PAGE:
Since 2012, Giving Tuesday has been celebrated as a way to kick off a season of charity. It is always held on the Tuesday immediately after Thanksgiving, but is considered a global day of giving.

On Giving Tuesday, people from diverse backgrounds join together to celebrate and support philanthropy.

The Beginning

The movement was started by the team at the Belfer Center for Innovation and Social Impact (at the 92nd Street Y in New York City), in conjunction with the United Nations Foundation.

The first year, Giving Tuesday received a great deal of press. Either before or after that Tuesday, it was covered by the Washington Post, White House official blog, ABC News and the Huffington Post.

Through the Years

In 2013, a total of $28 million was moved. Since then, there has been steady growth in both donations and recognition each year. In 2018, the tentative approximate estimate is $400 million. We can only assume that this upward trend will continue in 2019.

In 2016,  it was reported that $6.8 million was moved through Facebook alone. This year, that number was up to $62.6 million! The hashtag #GivingTuesday uses the power of social media in a powerful way. People will donate their time, talent and resources in creative ways that creates an avalanche of acts of kindness — both big and small.

Giving on ‘Giving Tuesday’

People have generally responded positively to Giving Tuesday. Large organizations have joined in, including Microsoft, Skype, Google, Cisco, UNICEF and Save the Children, which has undoubtedly contributed to the initiative’s success. The Bill and Melinda Gates Foundation and PayPal also play a big role.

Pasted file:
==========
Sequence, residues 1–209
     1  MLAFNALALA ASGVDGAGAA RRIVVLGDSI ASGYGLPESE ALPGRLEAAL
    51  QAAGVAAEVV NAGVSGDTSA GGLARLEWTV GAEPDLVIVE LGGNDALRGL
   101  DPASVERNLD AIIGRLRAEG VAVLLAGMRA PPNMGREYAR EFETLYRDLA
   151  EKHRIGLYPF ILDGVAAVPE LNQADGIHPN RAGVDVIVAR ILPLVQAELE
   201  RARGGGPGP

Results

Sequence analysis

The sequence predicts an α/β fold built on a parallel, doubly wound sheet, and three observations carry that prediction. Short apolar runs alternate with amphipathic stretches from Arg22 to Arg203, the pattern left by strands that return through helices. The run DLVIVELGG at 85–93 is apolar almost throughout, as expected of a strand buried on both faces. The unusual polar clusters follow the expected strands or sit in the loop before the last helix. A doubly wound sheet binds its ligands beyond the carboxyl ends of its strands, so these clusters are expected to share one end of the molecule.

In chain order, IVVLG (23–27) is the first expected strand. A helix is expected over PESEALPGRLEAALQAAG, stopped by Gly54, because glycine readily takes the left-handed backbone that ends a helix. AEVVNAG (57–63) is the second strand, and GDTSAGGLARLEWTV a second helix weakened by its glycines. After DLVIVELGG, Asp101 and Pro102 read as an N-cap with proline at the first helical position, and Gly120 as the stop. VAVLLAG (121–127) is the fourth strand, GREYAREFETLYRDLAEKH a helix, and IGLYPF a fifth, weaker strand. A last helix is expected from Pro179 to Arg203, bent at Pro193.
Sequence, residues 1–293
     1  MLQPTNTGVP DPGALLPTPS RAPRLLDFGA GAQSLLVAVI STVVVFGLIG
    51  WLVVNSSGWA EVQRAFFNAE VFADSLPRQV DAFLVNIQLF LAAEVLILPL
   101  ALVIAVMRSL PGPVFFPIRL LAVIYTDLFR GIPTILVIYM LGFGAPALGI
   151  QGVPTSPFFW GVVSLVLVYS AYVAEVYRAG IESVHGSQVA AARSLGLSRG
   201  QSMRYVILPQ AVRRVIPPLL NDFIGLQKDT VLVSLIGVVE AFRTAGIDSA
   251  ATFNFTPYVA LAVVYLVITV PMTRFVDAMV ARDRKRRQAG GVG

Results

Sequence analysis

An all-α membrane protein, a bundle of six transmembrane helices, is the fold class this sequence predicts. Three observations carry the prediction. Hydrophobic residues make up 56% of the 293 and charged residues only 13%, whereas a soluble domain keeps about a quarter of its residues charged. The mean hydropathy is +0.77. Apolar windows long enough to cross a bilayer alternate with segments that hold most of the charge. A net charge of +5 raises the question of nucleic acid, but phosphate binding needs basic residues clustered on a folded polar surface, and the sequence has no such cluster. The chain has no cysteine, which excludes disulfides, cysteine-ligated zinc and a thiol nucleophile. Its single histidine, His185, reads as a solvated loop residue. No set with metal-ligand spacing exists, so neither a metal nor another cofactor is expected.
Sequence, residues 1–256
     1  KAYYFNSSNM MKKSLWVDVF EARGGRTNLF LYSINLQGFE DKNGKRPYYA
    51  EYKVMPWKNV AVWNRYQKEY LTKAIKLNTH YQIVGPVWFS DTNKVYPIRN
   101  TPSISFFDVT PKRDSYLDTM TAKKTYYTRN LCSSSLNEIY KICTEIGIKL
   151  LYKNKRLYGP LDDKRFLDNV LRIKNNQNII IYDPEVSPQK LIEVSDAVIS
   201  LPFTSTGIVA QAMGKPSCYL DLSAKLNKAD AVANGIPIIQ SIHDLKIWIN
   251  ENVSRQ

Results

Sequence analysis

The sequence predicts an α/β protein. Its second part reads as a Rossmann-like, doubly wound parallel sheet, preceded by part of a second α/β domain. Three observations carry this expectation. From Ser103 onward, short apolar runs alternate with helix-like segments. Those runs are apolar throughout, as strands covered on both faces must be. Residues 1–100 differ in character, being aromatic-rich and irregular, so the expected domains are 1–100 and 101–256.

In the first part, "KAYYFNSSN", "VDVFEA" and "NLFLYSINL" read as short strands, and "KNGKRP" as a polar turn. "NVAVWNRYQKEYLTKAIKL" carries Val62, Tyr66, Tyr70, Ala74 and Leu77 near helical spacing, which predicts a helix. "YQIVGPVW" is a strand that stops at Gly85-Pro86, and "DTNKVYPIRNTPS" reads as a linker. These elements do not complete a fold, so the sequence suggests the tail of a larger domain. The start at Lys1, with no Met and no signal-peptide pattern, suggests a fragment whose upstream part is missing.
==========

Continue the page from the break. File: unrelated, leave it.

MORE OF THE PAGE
Giving Tuesday is essentially a multi-platform campaign that involves various nonprofits and donation platforms. Dedicating a single day to giving helps raise public awareness while making it easier for organizations to coordinate their efforts.

The Giving Tuesday movement is always looking for official charities or for-profit organizations that are committed to a project that helps a registered charity. However, you don’t have to be a business or nonprofit to participate.

Some individuals do their part by simply performing small acts of kindness throughout the day, advocating for a cause they believe in, or organizing a fundraising event through a school or religious group to raise money for a worthy cause.